Contrary to Caute’s preposterous claim that Communists were innocent idealists, the American Communist Party was linked to Stalin like an al-Qaeda training camp to Osama bin Laden. As John Earl Haynes and Harvey Klehr wrote in their book Venona, the American Communist Party was “a fifth column working inside and against the United States in the Cold War.” The cables “expose beyond cavil the American Communist party as an auxiliary of the intelligence agencies of the Soviet Union.” They said, “While not every American Communist was a spy, hundreds were.” It was a striking admission coming from Haynes and Klehr. In their earlier book on American Communism, they had stated matter-of-factly that “few American Communists were spies.” The disgorging of decrypted Soviet cables forced the professors to revise that assessment.

The Cold War is often defined as lasting from the mid-1940s to the fall of the Soviet Union around 1991. An argument can be made for a starting point a decade or two earlier, inasmuch as the USSR was operating an active spy network inside the United States in 1930s. The Soviets had also been involved with a general strike in Seattle in 1919; an alleged labor union, the Industrial Workers of the World (IWW) was actually communist front and took the residents of the city hostage for several days.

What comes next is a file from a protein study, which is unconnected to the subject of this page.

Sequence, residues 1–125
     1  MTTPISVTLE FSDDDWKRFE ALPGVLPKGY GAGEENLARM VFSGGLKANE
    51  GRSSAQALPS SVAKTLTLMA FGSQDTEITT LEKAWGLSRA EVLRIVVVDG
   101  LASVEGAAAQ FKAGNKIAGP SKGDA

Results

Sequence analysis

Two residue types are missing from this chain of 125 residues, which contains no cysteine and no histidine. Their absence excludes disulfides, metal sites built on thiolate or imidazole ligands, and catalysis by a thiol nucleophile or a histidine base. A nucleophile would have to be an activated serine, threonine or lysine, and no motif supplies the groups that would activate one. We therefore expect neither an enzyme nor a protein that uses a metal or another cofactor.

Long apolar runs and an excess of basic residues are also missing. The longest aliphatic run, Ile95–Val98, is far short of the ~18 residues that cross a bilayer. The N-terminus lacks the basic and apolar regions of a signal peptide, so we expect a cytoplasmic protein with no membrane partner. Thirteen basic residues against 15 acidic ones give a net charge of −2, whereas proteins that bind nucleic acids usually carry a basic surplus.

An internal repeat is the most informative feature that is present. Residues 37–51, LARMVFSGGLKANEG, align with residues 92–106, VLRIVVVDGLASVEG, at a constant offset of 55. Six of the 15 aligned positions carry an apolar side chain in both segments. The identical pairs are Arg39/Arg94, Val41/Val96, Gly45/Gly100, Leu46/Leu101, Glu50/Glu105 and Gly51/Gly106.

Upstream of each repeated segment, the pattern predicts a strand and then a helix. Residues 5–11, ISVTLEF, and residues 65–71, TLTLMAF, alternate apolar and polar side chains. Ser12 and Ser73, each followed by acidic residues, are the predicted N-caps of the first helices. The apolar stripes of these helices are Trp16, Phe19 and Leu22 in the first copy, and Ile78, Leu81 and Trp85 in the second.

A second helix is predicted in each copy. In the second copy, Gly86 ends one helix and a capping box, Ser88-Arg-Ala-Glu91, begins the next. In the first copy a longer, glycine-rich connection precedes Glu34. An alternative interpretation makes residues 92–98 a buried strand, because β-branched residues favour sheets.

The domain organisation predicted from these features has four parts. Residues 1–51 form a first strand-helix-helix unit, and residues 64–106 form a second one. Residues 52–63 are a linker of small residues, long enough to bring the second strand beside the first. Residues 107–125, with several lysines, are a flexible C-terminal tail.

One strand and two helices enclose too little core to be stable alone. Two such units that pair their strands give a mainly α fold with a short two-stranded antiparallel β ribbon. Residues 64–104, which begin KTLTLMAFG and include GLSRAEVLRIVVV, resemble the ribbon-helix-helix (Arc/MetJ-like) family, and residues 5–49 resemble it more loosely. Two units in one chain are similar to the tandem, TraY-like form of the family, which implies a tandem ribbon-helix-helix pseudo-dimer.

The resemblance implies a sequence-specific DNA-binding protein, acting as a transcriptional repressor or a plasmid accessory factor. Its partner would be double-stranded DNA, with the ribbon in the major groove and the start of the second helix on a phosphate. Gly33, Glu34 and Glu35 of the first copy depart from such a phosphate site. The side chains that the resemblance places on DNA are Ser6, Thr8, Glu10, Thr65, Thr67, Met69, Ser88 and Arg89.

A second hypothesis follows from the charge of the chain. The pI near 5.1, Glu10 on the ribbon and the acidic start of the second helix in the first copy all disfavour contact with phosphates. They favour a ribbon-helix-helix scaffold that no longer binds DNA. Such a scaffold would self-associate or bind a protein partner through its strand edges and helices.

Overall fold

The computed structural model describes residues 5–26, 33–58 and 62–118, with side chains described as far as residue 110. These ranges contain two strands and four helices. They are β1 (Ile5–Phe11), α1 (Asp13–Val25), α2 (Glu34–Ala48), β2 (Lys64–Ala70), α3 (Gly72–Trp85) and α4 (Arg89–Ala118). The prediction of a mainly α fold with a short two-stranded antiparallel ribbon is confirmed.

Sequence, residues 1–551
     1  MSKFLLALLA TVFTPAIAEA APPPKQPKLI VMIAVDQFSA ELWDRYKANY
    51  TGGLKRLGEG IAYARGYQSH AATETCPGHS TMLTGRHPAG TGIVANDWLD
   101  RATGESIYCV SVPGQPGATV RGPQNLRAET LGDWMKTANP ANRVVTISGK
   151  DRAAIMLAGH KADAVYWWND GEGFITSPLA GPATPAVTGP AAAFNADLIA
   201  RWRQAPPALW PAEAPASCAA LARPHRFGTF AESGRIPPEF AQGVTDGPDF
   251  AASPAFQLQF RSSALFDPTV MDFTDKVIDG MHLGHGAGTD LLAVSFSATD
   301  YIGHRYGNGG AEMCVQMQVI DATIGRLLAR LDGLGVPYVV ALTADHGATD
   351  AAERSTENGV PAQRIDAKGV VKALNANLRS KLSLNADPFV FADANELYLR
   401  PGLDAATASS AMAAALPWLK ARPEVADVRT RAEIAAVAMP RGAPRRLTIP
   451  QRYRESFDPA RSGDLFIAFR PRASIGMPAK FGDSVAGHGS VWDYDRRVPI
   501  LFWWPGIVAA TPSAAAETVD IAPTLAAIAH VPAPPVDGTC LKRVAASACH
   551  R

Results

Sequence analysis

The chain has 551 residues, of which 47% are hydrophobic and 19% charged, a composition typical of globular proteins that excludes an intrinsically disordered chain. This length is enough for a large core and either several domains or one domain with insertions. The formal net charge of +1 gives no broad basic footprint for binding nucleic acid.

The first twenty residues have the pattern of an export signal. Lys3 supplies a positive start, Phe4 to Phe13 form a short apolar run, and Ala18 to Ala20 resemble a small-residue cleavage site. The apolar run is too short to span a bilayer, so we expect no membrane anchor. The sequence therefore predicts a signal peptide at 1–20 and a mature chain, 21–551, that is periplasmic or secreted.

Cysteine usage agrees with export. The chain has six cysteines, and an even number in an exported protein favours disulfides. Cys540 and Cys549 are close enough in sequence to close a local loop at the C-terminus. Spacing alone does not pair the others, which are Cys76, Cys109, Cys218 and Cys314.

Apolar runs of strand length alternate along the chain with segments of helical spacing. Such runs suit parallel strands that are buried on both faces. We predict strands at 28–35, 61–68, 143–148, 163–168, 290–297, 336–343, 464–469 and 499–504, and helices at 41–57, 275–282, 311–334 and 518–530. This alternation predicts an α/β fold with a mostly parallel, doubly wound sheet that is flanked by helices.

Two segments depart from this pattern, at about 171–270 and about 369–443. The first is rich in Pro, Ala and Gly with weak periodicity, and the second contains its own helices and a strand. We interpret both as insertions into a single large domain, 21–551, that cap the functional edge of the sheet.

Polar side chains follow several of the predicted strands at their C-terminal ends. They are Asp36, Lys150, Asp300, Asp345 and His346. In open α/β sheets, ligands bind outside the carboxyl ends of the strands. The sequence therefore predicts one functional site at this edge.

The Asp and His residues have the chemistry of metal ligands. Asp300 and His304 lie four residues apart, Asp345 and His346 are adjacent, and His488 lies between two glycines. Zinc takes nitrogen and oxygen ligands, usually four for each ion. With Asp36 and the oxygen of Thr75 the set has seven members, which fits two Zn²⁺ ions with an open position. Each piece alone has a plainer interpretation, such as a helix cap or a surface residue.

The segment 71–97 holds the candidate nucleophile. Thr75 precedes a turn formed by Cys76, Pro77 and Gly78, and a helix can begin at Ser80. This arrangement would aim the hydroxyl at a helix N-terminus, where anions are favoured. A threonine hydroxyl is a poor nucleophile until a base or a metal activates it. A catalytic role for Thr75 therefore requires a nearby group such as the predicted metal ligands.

In addition to infiltrating the United States government, the communists also operated a variety of such ‘front’ organizations: cultural clubs, academic foundations, artistic groups, and political and labor committees. These seemingly innocent groups, apparently promoting noble humanistic causes, were facades behind which communist agents carried out their work. Historians Stan Evans and Herbert Romerstein write:

Communist covert actions against the United States and other target nations were relentless and effective, far more than most historians have imagined. The Kremlin used such tactics in systematic fashion, made them key elements of state policy, and devoted enormous resources to them. The data also show the manner in which the West fought back against this challenge, though in most cases we were on the defensive, playing catch-up, and far less practiced in secret warfare. We thus for many years experienced more defeats than triumphs, though with some victories to our credit.

Since the end of the Cold War, evidence has been released which details the scope, breadth, and depth of the espionage network operated by the Soviet Union inside the United States. It is clear that during the Cold War, few Americans understood the size of communist spy system, and the gravity of danger it posed.

Friday, June 19, 2015

Cold War Overview

As a topic, the Cold War has many different dimensions. Although most famous for the years between the 1950s and the 1970s, it began as early as 1919, when the IWW held the city of Seattle hostage for five days in a general strike.

Allegedly a labor union, the Industrial Workers of the World (IWW) was actually a Soviet front organization. Over the next few decades, the USSR would establish a number of such ‘front’ organizations: groups with ostensibly benign or salutary purposes, but which in fact functioned as intelligence-gathering, propaganda-spreading, or policy-influencing organs of the Soviet Union.